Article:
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The Contemporary Review, Volume 36, September 1879

Yima committed the sin which weighs on his descendants

rise of humanity from the period

of its original fall. On one hand, its course is conceived of as a continual descent; on the other, as a continual ascent. The Old Testament, which we must here embrace in one general view, occupies itself but little indeed with this ever-ascending course as regards the development of material civilization, of which, however, it cursorily points out the principal stages with a good deal of exactness. It rather traces for us the picture of moral progress, and of the more and more definite development of religious truth, the apprehension of which goes on ever gaining in spirituality, purity, and breadth amongst the chosen people, by a series of steps marked by the calling of Abraham, the promulgation of the Mosaic Law, and, lastly, by the mission of the prophets, who in their turn announce the last and supreme progress. This is to result from the coming of the Messiah, and the consequences of this last providential fact will go on continually developing themselves, and tending towards a perfection, the term of which lies in the Infinite. This notion of a rise after the fall, the fruit of man's free effort assisted by divine grace and working within the limit of his powers towards the accomplishment of the providential plan, is shown to us by the Old Testament as existing only in one people, the people of Israel; but the Christian spirit has extended the view to the universal history of mankind, and thus has arisen that conception of a law of continual progress unknown to antiquity,
to which our modern society is so invincibly attached, but which is, we should never forget, an idea due to Christianity.

Zoroastrianism was unlike other pagan religions in this, that it could not fail to admit and preserve the ancient tradition of a first sin. Rather would it have been forced to construct for itself an analogical myth, had it not found such in the primitive memories that it bent to its own doctrines. The tradition squared, indeed, but too well with its system of a dualism having a spiritual basis, although as yet but imperfectly freed from confusion between the physical and moral worlds. It explained quite naturally how man, a creature of the good God, and consequently originally perfect, should have fallen under the power of the evil spirit, thus contracting a taint which in the moral order subjected him to sin, in the material to death, and to all the miseries that poison earthly existence. Thus the notion of the sin of the first authors of humanity, the heritage of which weighs constantly on their descendants, is a fundamental one in Mazdean books. The modification of legends relative to the first man even resulted in the mythic conceptions of the later periods of Zoroastrianism, in attaching a rather singular repetition of this first transgression to several successive generations in the initial ages of humanity.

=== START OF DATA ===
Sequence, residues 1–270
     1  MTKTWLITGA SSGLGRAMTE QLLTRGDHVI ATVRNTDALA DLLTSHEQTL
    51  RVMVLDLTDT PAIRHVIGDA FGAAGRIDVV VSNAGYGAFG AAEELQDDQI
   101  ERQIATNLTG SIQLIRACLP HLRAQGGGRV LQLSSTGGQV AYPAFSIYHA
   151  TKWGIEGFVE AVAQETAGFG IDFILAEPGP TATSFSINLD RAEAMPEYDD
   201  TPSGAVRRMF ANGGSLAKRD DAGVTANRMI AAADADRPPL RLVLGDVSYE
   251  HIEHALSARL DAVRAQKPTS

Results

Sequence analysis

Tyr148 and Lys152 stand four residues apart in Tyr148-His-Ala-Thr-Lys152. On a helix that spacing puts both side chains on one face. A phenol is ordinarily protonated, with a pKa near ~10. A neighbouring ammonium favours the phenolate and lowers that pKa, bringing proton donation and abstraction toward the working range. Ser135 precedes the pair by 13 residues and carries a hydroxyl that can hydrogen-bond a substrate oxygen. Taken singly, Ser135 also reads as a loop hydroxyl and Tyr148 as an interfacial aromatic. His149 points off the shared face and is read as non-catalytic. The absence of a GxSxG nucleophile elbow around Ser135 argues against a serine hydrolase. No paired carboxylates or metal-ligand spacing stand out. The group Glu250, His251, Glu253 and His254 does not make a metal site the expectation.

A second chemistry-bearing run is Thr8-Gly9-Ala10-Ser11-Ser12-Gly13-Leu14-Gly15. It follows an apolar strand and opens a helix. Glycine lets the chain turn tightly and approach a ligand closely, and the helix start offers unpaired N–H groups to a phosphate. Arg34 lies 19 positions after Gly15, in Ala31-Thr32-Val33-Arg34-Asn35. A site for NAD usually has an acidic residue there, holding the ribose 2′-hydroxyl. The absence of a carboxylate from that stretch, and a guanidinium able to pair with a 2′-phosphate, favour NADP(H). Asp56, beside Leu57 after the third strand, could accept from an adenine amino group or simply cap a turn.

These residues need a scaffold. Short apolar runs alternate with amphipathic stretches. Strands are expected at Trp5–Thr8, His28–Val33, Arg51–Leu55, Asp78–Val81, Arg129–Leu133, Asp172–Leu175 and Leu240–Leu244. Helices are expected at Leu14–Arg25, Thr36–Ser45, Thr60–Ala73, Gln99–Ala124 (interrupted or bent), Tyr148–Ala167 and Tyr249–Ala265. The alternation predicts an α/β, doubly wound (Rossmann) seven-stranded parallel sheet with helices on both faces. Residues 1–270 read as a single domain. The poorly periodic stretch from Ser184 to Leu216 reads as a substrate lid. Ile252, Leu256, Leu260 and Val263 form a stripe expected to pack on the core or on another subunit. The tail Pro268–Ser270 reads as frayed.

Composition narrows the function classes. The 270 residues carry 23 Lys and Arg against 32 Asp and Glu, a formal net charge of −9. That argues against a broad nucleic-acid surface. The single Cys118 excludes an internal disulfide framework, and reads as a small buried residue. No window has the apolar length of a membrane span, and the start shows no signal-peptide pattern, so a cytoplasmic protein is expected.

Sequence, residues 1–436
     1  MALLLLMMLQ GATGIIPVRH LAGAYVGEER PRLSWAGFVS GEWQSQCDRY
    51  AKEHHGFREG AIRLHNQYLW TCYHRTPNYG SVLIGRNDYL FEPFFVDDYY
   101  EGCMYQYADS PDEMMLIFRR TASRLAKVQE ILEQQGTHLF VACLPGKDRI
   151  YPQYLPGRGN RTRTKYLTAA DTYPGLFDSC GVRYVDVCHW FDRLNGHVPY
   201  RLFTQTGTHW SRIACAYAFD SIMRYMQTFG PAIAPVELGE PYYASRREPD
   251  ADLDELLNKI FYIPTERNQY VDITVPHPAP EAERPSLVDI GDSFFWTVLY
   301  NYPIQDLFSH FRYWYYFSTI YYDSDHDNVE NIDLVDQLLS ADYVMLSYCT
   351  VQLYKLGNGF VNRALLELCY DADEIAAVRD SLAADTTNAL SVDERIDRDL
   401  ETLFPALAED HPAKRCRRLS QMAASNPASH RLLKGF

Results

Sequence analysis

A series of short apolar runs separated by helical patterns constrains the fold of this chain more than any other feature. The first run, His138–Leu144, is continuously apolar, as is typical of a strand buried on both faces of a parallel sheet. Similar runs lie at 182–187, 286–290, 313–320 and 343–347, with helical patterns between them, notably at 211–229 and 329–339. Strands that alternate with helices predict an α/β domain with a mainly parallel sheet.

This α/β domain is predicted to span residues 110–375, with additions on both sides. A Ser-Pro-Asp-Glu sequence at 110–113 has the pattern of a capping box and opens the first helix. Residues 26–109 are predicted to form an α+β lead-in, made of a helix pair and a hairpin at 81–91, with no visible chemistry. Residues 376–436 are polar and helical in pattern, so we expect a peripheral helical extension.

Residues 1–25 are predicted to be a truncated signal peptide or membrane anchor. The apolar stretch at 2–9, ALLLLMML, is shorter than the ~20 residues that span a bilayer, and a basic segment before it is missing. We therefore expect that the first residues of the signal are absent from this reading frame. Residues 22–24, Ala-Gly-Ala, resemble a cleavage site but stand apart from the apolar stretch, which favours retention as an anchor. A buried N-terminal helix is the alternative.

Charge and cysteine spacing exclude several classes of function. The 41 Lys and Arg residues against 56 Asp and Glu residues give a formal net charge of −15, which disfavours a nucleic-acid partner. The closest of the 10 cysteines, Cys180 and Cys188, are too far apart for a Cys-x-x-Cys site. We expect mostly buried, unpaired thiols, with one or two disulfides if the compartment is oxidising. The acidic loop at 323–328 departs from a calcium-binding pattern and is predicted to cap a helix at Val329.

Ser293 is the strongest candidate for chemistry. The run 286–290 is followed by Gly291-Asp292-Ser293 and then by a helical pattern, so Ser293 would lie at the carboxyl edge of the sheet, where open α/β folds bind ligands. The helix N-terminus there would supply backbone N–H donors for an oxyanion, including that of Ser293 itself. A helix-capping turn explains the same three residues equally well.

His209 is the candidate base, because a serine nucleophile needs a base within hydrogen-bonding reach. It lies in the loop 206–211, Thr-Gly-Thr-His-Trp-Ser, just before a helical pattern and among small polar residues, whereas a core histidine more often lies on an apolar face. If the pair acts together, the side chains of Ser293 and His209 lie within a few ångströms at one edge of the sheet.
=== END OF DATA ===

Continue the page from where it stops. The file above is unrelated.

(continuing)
Originally--and this is at present one of the points most solidly established by science--originally in those legends common to Oriental Aryans before their separation into two branches, the first man was the personage that the Iranians call Yima, and the Indians Yama. A son of Heaven and not of man, Yima united the characteristics that Genesis divides between Adam and Noah, fathers both, the one of antediluvian, the other of postdiluvian humanity. Later, he appears as merely the first king of the Iranians, but a king whose existence, as well as that of his subjects, is passed in the midst of Edenic beatitude in the paradise of Airyana-Vaedja,[53] the dwelling-place of the earliest men. But after a time when life was pure and spotless, Yima committed the sin which weighs on his descendants, and in consequence of that sin, lost his power, was cast out of Paradise, and given up to the dominion of the serpent, the evil spirit Angromainyus,[54] who finally brought about Yima's death by horrible torments.[55] It is an echo of the tradition about the loss of Paradise ensuing upon a transgression prompted by the Evil Spirit that we find in what is incontestably one of the oldest portions of the Sacred Scriptures of Zoroastrianism.[56] "I created the first and the best of dwelling-places. I who am Ahuramazda: the Airyana-Vaedja is of excellent nature. But against it Angromainyus, the murderer, created a thing inimical, the serpent out of the river and the winter, the work of the Doevas."[57] And it is this scourge, caused by the power of the serpent, which occasions the departure for ever from the paradisiacal region.

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